Managing your estate

Making plans to manage your estate after you pass away is incredibly important. Our Solicitors have a combined experience of over 300 years in the practice and can help you make these complex decisions.

Our specialist solicitors can guide you through the process of making a Lasting Power of Attorney, which enables another person, or Attorney, to take care of your affairs in the event of your becoming unable to do so.

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In order to make a valid Lasting Power of Attorney, you must be over the age of 18 and have the mental capacity to make this decision for yourself, although there is no requirement to be a British citizen or habitually resident in the UK.

You can choose who to appoint as your Attorney; who will be the person charged with making decisions on your behalf should this become necessary. You may appoint your partner, friend, relative or even your firm of solicitors, however, they must be over the age of 18.

There are two kinds of Lasting Power of Attorney, and you can decide to make one of these or both, depending on your situation:

You can change your Lasting Power of Attorney, including to remove one of your Attorneys, for as long as you have the mental capacity to do so. If however, you wish to add another Attorney, you will need to end your Lasting Power of Attorney and register a new one.

The legal experts at Ackroyd Legal have a great deal of experience in this area and will be able to guide you through the elements of making a Lasting Power of Attorney, ensuring that the process runs smoothly so that you can move on with peace of mind.

If you have been appointed as an Attorney by someone else, the specialist team at Ackroyd Legal are here to help you.

The person who appoints you as their Attorney is called the ‘donor’, and despite the term ‘Attorney’, you do not need any qualifications or legal experience in order to do this. You must, however, be over 18 years of age.

The Lasting Power of Attorney must be registered with the Office of the Public Guardian before you can begin making decisions on the donor’s behalf. For Property and Financial Affairs, you may be able to do this whilst they still have mental capacity themselves, with their agreement. If they do not agree, it will only come into effect if they lose capacity in the future. All decisions must be made in the donor’s best interests, and you must not ask someone else to make decisions for you, even in very difficult situations.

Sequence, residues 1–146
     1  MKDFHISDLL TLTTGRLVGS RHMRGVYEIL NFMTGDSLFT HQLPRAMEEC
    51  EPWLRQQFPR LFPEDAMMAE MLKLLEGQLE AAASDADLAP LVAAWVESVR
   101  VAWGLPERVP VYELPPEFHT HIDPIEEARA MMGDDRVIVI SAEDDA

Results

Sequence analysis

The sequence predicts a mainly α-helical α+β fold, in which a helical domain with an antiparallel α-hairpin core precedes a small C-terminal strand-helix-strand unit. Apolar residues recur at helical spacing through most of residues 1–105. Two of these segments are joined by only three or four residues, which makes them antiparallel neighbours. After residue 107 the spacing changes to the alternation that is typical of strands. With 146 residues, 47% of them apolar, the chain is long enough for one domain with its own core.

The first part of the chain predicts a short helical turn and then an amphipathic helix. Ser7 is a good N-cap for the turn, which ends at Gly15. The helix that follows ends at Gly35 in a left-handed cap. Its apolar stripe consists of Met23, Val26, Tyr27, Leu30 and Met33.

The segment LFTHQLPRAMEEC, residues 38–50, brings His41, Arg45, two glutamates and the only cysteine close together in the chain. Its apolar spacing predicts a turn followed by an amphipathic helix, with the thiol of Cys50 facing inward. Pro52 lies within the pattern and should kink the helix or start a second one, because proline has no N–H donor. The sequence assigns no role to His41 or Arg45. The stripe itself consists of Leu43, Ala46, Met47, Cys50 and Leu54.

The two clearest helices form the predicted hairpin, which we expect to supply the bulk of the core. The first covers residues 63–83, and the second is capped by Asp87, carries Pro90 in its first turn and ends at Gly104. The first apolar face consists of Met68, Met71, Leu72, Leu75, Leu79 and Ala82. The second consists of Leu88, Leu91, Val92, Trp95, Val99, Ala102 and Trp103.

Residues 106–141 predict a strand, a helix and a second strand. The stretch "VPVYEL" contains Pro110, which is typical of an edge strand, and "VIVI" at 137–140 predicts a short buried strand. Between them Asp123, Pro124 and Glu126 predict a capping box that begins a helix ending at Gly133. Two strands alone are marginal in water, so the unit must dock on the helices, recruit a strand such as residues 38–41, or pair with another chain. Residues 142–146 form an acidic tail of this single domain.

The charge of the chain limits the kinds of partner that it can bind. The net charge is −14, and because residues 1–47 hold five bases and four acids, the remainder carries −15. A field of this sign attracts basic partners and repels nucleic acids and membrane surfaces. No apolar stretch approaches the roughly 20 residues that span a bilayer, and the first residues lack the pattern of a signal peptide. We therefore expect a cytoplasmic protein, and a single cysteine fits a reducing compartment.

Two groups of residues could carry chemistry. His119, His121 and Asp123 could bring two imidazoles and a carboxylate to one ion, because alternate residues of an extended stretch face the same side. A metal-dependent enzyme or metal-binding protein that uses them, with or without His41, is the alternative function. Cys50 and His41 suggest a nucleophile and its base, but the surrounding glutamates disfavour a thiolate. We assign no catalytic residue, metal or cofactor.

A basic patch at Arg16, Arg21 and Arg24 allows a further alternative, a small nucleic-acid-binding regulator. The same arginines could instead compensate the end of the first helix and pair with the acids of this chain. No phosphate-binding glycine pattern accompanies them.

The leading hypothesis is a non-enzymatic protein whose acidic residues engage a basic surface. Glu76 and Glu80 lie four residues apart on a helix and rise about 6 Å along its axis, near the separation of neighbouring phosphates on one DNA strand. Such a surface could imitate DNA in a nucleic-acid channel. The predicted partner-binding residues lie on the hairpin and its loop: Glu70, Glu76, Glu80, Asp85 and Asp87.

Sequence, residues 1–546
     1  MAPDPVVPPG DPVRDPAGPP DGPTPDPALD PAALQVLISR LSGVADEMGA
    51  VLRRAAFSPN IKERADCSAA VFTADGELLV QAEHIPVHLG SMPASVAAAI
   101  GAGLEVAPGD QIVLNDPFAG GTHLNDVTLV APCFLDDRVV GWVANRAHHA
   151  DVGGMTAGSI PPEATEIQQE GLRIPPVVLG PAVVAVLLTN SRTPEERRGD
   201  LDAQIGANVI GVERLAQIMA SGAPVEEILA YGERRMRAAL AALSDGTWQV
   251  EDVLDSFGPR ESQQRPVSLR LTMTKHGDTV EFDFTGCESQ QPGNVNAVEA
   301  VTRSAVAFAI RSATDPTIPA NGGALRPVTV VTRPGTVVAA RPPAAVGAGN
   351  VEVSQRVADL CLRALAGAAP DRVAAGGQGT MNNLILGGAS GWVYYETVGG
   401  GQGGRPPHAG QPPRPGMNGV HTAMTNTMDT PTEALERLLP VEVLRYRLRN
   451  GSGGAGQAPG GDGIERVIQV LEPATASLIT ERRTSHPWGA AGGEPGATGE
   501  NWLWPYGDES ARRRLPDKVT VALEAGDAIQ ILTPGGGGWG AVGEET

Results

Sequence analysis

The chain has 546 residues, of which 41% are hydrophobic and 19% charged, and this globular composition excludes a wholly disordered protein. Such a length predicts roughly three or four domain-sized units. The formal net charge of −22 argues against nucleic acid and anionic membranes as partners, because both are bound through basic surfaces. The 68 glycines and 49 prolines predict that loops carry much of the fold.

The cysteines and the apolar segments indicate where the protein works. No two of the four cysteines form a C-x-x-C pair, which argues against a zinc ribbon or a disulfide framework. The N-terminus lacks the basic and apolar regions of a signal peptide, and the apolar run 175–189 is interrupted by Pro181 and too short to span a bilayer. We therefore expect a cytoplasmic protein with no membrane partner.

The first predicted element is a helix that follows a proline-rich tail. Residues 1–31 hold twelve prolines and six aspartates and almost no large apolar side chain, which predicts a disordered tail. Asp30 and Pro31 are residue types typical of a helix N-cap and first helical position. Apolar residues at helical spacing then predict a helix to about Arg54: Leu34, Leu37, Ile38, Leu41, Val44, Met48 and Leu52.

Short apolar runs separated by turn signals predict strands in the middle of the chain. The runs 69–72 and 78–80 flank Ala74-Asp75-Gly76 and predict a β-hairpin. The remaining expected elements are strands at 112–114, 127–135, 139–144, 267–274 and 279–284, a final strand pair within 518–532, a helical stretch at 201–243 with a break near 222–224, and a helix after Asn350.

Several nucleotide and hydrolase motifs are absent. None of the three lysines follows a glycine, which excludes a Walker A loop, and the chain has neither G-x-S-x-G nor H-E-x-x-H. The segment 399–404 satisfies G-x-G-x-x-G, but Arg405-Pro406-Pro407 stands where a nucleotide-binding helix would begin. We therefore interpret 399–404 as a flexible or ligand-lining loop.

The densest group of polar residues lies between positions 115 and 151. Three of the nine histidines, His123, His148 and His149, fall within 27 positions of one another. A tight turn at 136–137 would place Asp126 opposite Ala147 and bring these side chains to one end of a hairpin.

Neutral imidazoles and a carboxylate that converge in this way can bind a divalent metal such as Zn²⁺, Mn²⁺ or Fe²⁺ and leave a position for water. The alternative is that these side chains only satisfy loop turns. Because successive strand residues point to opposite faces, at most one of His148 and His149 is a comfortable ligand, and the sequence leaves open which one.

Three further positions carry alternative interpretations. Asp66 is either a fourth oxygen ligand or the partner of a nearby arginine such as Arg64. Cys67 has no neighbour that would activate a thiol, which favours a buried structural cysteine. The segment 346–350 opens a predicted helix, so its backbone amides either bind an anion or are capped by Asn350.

When it comes to estate planning, the legal experts at Ackroyd Legal have many years’ combined experience in providing sound, practical advice to our clients.

We will be able to guide and support you through all aspects of estate planning, and our service is always tailored to meet your individual requirements. We will help you to ensure that all of your obligations are fully met, looking after your interests and those of your beneficiaries at all times.

Trusts form an important part of estate planning. Trusts are used to protect the interests of your beneficiaries and can even help to ensure that they will not find themselves liable for excessive levels of Inheritance Tax. Whether you own a single property, or you have multiple assets, we will be able to advise on the best course of action. There are many different types of trusts, and the obligations of the trustees and the rights of the beneficiaries will vary according to the type of trust that is set up. It is therefore essential to seek legal advice before taking action, to ensure that you make the most suitable arrangements based on your own individual circumstances. Please contact us and we will be very happy to help.

Many people feel quite logically that since we cannot take it with us, we may as well give away what we can whilst we are still alive. This is known as lifetime giving, which could possibly reduce Inheritance Tax liability, as well as giving the donor more control and ideally enabling them to witness some of the benefits, for example by buying a grandchild their first car.

The truth is that any individual whose estate is valued in excess of £325,000 (or any married couple with a combined estate worth over 650,000) will probably incur some Inheritance Tax liability when the time comes to distribute their estate.

Deprivation of assets can occur if you purposely dispose of assets such as your home or your savings, with a view to ensuring that these will not form part of the financial assessment that will determine your liability towards future care home costs; for example, by taking out a home reversion plan and then giving all of the money away, even if this is to support your family. If the local council finds that deprivation of assets has taken place, this can increase your liability in paying for your care, even though you no longer hold the means to do so.

There are two tests that the local council should consider if they suspect that the wilful deprivation of assets has occurred:

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